Ottawa fell $2.3B short on defence spending last year: Sajjan
Minister of National Defence Harjit Sajjan speaks to reporters following his address at the Canadian Association of Defence and Security Industries CANSEC trade show in Ottawa on Wednesday, May 30, 2018. THE CANADIAN PRESS/Justin Tang
Lee Berthiaume, The Canadian Press
Published Wednesday, May 30, 2018 2:54PM EDT
Last Updated Wednesday, May 30, 2018 4:13PM EDT
OTTAWA -- The federal government spent $2.3 billion less than originally planned last year on new military gear, Defence Minister Harjit Sajjan revealed Wednesday, even as a prominent economic adviser to the Liberals sang the praises of investing in the defence sector.
The spending shortage, which will require Canada's military to continue to use some equipment longer than expected, means the government is already losing ground on the promise it made last year to invest $62 billion in the Forces over the next 20 years.
The mixed messages came during the first day of the two-day Cansec gathering in Ottawa, Canada's largest annual arms show, where officials from the world's biggest defence companies descend on the national capital to pitch their wares to the government and military.
Sajjan kicked off the event with an update on the Liberal government's new defence policy -- a blueprint that details the specific equipment the military intends to buy over the next five years.
Many companies had been eagerly waiting to see which of the dozens of projects included in the multibillion-dollar defence policy were considered a priority and which were being put on the back burner.
What they heard instead was that the ambitious Liberal plan to ramp up spending got off to a slower start than expected: where Ottawa had planned to spend $6.2 billion last year, figures published with the defence policy show, they only managed to get $3.9 billion out the door.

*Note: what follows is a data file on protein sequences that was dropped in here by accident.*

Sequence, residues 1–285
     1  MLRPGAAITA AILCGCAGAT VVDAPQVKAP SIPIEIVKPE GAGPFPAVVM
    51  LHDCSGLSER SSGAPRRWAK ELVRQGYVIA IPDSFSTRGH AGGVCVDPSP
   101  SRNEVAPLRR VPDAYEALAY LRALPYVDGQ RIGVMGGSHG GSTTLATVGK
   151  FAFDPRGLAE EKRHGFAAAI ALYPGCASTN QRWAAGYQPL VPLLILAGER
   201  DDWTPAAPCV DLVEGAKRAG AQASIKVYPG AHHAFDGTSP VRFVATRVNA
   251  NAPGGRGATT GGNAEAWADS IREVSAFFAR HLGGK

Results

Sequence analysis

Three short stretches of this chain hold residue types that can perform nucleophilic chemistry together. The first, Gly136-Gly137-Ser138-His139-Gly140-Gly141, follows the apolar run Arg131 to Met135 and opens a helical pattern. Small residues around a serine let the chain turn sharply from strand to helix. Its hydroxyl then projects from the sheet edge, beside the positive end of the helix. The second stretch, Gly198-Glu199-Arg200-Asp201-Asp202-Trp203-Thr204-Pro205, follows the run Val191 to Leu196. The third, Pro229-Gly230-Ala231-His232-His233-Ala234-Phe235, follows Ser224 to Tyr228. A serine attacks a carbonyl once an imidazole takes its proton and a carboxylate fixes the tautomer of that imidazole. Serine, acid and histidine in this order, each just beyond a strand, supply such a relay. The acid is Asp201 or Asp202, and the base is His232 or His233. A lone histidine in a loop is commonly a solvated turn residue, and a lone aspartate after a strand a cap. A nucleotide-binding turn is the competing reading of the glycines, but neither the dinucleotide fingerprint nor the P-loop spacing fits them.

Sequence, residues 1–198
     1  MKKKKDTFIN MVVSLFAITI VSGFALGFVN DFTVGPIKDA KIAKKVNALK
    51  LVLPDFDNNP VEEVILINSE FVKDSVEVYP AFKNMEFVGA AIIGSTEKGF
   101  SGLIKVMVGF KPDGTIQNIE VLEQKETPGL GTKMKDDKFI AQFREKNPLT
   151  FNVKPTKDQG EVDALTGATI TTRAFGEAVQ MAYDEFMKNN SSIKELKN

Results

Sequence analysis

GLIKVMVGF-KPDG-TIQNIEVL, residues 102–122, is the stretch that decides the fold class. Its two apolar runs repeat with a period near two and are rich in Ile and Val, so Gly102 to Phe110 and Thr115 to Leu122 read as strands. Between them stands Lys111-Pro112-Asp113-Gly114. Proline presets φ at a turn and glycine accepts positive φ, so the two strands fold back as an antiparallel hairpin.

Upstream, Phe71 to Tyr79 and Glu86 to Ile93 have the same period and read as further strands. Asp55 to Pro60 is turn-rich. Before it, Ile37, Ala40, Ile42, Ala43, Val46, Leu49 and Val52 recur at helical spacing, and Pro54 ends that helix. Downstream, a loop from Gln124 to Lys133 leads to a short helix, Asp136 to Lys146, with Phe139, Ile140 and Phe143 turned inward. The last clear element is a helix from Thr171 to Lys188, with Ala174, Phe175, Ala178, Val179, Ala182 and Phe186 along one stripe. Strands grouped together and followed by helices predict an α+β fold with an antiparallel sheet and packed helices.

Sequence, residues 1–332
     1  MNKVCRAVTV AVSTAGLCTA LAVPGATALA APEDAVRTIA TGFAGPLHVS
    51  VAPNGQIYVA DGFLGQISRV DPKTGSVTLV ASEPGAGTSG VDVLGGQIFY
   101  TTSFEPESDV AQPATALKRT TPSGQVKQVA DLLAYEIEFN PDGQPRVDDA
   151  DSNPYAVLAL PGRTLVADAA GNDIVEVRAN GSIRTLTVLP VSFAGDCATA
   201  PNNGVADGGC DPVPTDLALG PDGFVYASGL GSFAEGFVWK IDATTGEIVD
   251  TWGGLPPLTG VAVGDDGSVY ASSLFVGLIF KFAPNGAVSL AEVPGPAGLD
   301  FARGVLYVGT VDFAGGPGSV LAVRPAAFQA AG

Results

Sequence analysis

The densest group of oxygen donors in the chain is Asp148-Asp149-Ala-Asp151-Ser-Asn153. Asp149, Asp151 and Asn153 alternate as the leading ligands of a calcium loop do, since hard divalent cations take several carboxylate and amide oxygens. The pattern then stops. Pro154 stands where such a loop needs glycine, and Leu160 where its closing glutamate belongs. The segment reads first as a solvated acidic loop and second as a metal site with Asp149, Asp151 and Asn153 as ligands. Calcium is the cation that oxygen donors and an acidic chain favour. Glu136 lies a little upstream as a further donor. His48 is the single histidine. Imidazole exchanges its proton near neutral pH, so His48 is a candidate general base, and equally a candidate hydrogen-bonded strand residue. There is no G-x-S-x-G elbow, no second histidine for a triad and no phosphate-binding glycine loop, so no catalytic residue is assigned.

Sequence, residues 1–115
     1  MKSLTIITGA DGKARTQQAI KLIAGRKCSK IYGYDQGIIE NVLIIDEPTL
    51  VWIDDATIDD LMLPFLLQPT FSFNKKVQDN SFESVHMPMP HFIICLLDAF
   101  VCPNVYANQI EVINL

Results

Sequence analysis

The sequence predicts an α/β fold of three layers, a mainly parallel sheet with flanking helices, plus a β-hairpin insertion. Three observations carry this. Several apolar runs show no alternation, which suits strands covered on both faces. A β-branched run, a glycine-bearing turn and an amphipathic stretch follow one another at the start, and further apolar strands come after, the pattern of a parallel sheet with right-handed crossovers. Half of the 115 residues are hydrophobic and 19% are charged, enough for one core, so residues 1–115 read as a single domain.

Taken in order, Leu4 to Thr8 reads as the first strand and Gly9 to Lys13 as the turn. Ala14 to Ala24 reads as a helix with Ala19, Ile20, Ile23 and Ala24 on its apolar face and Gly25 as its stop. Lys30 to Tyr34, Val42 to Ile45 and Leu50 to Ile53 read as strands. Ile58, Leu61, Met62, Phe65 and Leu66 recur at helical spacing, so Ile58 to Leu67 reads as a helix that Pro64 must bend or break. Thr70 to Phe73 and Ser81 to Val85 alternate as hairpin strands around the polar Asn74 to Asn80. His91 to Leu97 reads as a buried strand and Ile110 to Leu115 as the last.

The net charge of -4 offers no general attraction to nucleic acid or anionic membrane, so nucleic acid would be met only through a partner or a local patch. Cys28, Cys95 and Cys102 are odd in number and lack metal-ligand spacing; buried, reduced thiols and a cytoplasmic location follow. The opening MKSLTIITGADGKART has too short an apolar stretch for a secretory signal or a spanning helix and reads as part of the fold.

Sajjan played down the discrepancy, saying a portion of the unspent money represented savings that the government was able to find on some projects, while others were the result of companies not fulfilling their obligations.
But he also admitted later that for some projects, "we weren't able to get it to the level we wanted. We're improving on that and things have improved drastically for this. It will improve as time goes on."
Defence companies won't be the only ones hoping Sajjan is right.
One of the government's most influential economic advisers told a luncheon audience that Canada's defence industry will be critical to sparking innovation and ensuring the country's prosperity over the long term.
"If we want to grow -- and we can in Canada, and we want to grow more significantly -- the defence sector is going to play an essential part in doing that," said Dominic Barton, the chair of Finance Minister Bill Morneau's growth council.
Automation is expected to cost Canada some 2 million jobs in the coming decades, Barton said, but the defence sector is one area where there is potential for substantial growth. as well as technological developments to help build and grow new industries.
"This is how we're going to get some of the leading-edge innovation that we can then commercialize and transform the broader economy," he said, adding that the government can support small businesses with defence investments.
The defence sector currently supports 60,000 jobs in Canada and sells an estimated $6 billion worth of arms and equipment to other countries each year --some of them causing headaches for the government because of questionable human rights records.
One of the more controversial sales was a multi-year, $15-billion contract for the provision of armoured vehicles to Saudi Arabia, which was the top non-U.S. destination for Canadian arms in 2016.
The government also faced pointed questions earlier this year about its plan to sell military helicopters to the Philippines despite Prime Minister Justin Trudeau criticizing that country's human-rights record only a few months earlier.
The deal was eventually scrapped by Philippines President Rodrigo Duterte after a public outcry prompted the Trudeau government to reconsider the sale.